What a couple of wackos.  This two-member musical entity released 365 albums during the year 2006.  True.  So, of course they have to have an eight-day listening party, right?  What else would one expect but a CD of musical invitations to every one of the invited guests?  Yup—46 different songs.  They’re weird as shit, some of them are so catchy it’s beyond belief, some of them are toss-offs, and a great deal of them will actually make you laugh out loud (assuming you’re one of the chosen who gets to hear this).  Of course it wouldn’t be fair to review this as an album per se, otherwise I’d be obligated to mention that the joke wears a bit thin after, oh, 15 tracks or so.  But hey, T Max gets the catchiest song here (and some other Noise hack gets mentioned, too, whose name just sounds great when sung), and it actually made me want to hear a couple of these 365 albums (note: I said a couple.).  It’s better than planting flashing signs around the city.    (Tim Emswiler)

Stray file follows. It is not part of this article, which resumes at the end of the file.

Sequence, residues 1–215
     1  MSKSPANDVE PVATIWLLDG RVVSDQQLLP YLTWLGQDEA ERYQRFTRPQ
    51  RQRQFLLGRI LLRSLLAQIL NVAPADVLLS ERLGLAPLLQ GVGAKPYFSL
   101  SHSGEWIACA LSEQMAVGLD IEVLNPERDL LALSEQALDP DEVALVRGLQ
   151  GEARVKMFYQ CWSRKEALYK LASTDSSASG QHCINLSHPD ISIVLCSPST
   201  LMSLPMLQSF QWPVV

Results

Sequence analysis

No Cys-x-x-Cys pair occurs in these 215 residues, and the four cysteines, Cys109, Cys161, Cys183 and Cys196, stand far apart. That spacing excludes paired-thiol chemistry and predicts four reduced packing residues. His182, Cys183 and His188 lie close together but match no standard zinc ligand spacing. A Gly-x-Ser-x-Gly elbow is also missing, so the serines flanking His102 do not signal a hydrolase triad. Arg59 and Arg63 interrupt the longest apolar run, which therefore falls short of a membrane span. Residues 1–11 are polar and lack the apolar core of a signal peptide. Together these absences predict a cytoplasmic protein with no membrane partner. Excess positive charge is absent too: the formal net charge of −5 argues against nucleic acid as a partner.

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KID:NAP:KIN
Sidehatch Entertainment
Touring The Riot Scene
5-song CD
        Sidehatch Entertainment seems to have a great thing going on, with some powerful up and coming indie rock on their roster and Kid:Nap:Kin certainly is their best and most promising offering.  Rarely has the emo/metal/post-punk genre sounded this urgent and this volatile.  Kid:Nap:Kin throttles from a whisper to a scream faster than a hooker on fire and thrown off a cliff.  Their range of style and mood is immediate and inventive, and takes no hostages and certainly doesn’t take no for an answer.  If anyone told them that you can’t have sweet Jeff Buckley kicking into a psycho rant with axe chops of guitar, or a jazz chord break in a punk song, then I am glad they haven’t listened. I hope this short CD is just the tip of a mighty large iceberg! This record makes my testicles feel funny.   (Joel Simches)   

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THE TULLAMORES